An Odyssey and JYC

A humid afternoon found me not structuring the plot of a new novel as I needed to, but rather waiting for the doors to open outside the iconic Gate Picturehouse in London’s hurrying Notting Hill. Because today they were showing The Odyssey, the biopic of the life of diver, explorer and underwater film-maker, Jacques-Yves Cousteau (1910-1997).

Merriam-Webster defines an “odyssey” as a long wandering or voyage usually marked by many changes of fortune, and as much of the film took place aboard (or beneath) his creaky converted minesweeper Calypso, the title fitted like a hermit crab in a discarded shell.

This charming, polite but driven man brought the underwater world into the homes (via TV, not flooding) of millions worldwide. By adding a demand valve, he revolutionised the design of the SCUBA system (Self-Contained-Underwater-Breathing-Apparatus), vastly increasing divers’ underwater times. (Curiously, the film skipped this important point!)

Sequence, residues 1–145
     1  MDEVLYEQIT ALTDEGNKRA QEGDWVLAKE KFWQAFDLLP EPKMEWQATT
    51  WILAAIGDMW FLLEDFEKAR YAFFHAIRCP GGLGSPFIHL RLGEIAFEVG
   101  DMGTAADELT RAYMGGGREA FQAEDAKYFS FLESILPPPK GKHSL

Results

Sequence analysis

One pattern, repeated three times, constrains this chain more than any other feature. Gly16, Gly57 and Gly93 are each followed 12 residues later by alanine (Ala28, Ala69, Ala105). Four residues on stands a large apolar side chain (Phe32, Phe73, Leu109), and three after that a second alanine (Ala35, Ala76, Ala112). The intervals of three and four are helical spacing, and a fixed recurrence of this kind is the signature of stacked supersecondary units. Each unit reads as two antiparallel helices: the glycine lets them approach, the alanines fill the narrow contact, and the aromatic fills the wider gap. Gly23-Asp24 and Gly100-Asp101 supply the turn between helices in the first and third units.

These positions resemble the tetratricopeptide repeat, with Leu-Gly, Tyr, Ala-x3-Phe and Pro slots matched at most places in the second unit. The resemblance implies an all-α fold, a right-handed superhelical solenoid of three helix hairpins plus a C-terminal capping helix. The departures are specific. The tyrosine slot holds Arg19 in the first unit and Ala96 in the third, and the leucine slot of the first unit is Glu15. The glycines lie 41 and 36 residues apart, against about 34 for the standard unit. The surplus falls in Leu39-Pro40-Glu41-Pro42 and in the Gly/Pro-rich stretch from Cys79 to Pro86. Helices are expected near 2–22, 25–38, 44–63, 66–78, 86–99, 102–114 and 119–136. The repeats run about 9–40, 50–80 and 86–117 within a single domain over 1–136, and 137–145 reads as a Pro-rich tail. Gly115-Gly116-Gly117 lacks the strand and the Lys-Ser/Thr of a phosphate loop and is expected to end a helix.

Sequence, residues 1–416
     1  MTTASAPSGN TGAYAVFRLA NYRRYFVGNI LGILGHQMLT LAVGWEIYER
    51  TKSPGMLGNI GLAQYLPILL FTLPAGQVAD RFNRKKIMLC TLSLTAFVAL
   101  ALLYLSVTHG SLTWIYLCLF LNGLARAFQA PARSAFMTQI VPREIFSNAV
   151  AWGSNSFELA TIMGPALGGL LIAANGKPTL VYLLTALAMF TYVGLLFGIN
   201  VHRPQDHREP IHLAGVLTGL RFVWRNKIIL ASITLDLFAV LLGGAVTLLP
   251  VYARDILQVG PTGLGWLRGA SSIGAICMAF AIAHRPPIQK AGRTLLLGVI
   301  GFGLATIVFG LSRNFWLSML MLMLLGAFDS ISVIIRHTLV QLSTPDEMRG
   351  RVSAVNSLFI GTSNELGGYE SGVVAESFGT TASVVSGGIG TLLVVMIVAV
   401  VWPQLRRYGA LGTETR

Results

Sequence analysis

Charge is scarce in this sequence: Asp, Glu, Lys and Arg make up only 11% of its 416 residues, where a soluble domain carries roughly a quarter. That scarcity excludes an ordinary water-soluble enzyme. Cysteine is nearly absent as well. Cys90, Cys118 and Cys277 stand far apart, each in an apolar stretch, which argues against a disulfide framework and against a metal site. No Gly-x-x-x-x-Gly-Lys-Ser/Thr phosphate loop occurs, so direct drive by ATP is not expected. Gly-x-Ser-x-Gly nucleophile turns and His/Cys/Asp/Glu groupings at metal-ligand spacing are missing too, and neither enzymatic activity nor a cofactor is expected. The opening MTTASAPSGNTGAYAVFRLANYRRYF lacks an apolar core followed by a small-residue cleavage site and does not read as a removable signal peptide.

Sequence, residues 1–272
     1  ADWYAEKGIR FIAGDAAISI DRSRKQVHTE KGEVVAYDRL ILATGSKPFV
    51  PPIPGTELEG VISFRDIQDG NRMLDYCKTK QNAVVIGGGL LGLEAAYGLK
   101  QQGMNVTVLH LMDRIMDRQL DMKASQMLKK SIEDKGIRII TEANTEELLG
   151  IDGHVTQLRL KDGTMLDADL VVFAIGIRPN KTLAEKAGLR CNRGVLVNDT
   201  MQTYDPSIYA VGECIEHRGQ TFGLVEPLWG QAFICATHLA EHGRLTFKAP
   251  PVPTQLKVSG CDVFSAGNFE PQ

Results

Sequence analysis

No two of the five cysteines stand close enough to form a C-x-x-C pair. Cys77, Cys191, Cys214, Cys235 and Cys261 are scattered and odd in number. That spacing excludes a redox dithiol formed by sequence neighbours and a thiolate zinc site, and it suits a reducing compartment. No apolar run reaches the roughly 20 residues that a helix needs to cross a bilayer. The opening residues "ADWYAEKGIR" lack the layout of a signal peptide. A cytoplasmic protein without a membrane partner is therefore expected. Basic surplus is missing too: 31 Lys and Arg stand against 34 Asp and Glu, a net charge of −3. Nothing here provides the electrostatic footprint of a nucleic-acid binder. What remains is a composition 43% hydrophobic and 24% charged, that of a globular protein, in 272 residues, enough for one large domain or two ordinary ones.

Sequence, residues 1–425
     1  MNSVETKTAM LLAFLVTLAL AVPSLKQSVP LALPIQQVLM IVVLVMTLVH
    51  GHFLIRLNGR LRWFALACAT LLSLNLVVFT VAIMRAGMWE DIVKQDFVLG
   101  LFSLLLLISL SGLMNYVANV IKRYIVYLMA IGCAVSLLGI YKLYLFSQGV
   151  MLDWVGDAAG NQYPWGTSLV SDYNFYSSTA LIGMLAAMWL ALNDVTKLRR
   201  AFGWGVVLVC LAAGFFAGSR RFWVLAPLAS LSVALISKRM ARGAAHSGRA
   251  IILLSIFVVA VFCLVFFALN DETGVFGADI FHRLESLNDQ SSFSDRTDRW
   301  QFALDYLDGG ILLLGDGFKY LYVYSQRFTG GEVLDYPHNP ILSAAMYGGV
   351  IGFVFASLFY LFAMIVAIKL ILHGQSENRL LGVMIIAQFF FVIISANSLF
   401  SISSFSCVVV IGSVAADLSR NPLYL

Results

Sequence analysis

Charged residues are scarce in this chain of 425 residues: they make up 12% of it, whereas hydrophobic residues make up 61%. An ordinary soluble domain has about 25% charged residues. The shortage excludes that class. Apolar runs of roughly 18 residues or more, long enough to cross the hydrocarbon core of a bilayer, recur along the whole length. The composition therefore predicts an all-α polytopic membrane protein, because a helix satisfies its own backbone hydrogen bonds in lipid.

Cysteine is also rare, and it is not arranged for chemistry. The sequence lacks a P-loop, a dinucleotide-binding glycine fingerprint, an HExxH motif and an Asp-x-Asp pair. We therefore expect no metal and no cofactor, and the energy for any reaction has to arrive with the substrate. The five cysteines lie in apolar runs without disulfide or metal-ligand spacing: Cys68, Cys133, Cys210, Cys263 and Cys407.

Sublime Footage

I hoped for glorious footage in director Jérôme Salle’s 120 minutes and I wasn’t disappointed. Whether it was the frozen monochrome of the Southern Ocean, pulsing tropical reefs, or a humpback whale and calf, it was so real that I almost felt the undulating sea grass of the Mediterranean seafloor brushing my weight belt.

Beyond mere flora and fauna, what was brilliantly captured was the majestic infinity of the oceans. Equally impressive were the opening scenes where an old sea-plane danced with its shadow above a sunset ocean (in a subtle foreshadowing of later tragedy).

Interactions

JYC (as he was known by those close to him) was expertly played by Lambert Wilson who has a passing resemblance to the great man. We met JYC’s family, including increasingly lonely wife Simone (played by Audrey Tautou) and son Philippe.

Message

Sooner or later it had to happen and what started as a journey of discovery eventually reconfigured itself into an environmental message. Perhaps the treatment was a little overt—it felt like an after-thought—but given the state of our oceans, it was essential.

Conclusion: Four Stars

I’d recommend Odyssey. It’s a film about an important man and a critical topic.

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